We actually tour in DJ's Subaru Outback! We were using a van, but it caught on fire in the interstate in Indiana. That was pretty insane. So, yeah, we squeeze everything and the 4 of us into his little wagon. More often than not, we just borrow drums from whomever we're playing with. It was funny -- the last time we played with our friends in Stephanie's ID, they made a joke about how we're the only band they know who never has drums at their shows, but we always make sure to show up with our TV's. I haven't run into any problems yet, but worst case scenario is that I have to use a suitcase for a kick drum, but hey, that sounds fun to me!

Best part about being on tour?

The camaraderie. Traveling to new places and winning over new fans. It's the best, really.

Worst part about being on tour?

The car starts to smell bad after a while. Having to deal with asking off work and losing money. Worrying about pets. All that jazz.

What are ya'll doing to think outside of the box when it comes to attracting new fans?

Heypenny is crazy when it comes to thinking outside of the box. We're constantly brainstorming on ideas to either make a show super special, or earn the appreciation of new fans. We released our EP in the form of a coloring book, we had a huge release show where we brought in a ton of amazing local artists to paint giant 8 foot versions of the pages from the coloring book while all of our favorite bands played. We're gearing up for a coloring contest where we'll have people send in their best pictures from the coloring book, we'll post them and the winner will receive a pair of custom illustrated Toms--Heypenny style. We've also been really into making videos now. We just got a great response from our NBN Tutorial video

Heypenny: NBN Training Video from Heypenny on Vimeo.

which was teaching vocal parts to audience members for our upcoming set. We, of course, have something special planned. Here's a good example of what we do and how much work goes into our shows:

Heypenny: CopCar Release Show from Heypenny on Vimeo.

What sets your live show apart from others?

Man, you'll just have to watch the videos! We pour everything into our live shows. Costumes, TV's playing abstract videos that sync up to the changes in the songs, we've had a marching band drumline play with us. You name it, we'll probably do it at some point.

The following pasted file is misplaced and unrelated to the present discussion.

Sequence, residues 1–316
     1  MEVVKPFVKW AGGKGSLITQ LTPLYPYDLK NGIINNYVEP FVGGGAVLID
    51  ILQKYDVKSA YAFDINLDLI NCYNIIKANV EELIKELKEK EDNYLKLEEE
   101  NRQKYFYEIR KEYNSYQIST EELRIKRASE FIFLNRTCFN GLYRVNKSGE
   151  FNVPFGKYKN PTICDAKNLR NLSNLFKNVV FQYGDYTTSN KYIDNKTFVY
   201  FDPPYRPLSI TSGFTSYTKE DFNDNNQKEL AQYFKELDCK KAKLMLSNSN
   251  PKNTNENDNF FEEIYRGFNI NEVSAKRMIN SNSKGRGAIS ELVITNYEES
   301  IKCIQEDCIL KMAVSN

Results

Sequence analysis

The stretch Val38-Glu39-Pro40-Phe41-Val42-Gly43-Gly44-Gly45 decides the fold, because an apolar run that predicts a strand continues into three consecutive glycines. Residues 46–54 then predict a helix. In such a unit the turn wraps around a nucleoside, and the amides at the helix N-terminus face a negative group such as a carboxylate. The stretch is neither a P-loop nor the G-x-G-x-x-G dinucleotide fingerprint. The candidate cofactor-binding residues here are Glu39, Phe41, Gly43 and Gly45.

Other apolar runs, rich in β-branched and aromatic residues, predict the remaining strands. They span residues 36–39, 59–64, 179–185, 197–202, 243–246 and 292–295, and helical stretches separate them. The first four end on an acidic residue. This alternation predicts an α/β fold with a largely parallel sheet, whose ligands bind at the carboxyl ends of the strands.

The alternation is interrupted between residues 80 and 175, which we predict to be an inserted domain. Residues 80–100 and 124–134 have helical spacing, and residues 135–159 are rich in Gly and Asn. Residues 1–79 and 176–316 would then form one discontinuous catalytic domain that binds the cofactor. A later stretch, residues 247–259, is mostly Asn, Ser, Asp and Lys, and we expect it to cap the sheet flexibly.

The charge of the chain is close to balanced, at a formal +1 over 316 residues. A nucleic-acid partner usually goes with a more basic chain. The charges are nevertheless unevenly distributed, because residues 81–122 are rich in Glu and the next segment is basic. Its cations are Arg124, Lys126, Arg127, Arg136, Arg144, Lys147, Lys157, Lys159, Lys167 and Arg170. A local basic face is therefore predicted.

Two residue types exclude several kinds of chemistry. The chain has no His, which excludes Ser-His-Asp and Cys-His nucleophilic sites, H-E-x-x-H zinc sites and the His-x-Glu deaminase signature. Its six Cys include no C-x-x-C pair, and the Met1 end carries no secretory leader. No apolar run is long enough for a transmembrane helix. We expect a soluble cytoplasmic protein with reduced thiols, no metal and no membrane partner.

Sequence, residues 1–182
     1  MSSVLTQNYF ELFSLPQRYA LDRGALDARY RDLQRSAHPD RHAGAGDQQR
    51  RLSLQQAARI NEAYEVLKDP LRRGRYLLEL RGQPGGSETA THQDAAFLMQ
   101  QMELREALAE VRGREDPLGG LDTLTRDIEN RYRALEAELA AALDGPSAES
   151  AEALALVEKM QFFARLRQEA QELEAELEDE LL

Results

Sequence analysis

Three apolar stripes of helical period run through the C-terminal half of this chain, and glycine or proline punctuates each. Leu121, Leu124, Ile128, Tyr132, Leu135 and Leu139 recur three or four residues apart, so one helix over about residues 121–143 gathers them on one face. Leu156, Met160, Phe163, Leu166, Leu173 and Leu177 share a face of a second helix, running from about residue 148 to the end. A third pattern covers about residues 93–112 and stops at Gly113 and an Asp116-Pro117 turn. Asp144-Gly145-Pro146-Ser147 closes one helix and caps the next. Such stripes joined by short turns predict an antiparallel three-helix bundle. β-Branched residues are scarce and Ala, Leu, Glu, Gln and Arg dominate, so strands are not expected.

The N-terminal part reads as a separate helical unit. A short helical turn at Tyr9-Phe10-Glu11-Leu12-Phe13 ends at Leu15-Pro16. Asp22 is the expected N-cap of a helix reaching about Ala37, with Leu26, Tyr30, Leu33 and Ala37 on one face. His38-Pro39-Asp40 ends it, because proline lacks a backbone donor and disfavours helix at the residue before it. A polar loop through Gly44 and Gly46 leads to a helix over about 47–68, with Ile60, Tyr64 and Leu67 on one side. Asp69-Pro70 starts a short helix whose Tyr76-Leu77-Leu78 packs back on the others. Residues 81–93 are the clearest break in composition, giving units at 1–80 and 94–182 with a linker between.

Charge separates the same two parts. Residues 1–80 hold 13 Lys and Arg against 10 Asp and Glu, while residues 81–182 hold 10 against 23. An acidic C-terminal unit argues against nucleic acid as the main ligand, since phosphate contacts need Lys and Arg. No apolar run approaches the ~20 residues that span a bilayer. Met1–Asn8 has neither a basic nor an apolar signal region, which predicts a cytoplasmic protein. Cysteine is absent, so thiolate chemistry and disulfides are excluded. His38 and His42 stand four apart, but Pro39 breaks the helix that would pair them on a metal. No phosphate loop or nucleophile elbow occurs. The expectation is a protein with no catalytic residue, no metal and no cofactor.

What's the biggest challenge you face as a band?

Time management. Coordinating schedules and figuring out time to do all the fun projects we want to do. That seems to be the most difficult thing, but we always make it work.

With the major labels struggling, do you feel it's more important for a band to focus on getting signed or focus on getting a significant buzz within a given group of people?

I think you just need to go out and play, do your thing and if you do it right, people will notice. Whether or not you are in the position, or even need a major label, things tend to fall into place. Furthermore, the days of just getting signed on a whim are long over. Labels can't afford to do developmental deals. They want all that ground work done ahead of time, so they don't have to pour as much money into you and can tap into what you already have.

Future plans?

Well, we just released our EP. We're getting ready to go back into the studio to re-track a few drum parts and then we're hoping to release our full length next year. We've got two videos that we're going to be working on. One for the single, "Ticket" and then another which will end up being more of a short film for the second single, "Star for All the Kidz."

How much does chance play a part in the success of your band and how much of the success comes from sheer blood, sweat, and tears?

That's a tough question, because we definitely put in tons of the latter, but chance definitely plays into it as well. It's such a small circle, really and it often comes down to who you know. I think it's a bit of both.

If you had a fifteen year old sitting in front of you and could tell him/her anything about the music business, being in a band, or drumming, what would it be?

Keep doing it. If you want it bad enough, you'll figure out a way to make it happen. You're going to work awful jobs, you'll watch your friends from high school and college become successful and make lots of money and chances are you'll be working a restaurant job, but you also get to go out and play music and hopefully win the hearts, ears and minds of others. Oh... and learn to play to a click!

Quote that you live by?

"The pause is as important as the note."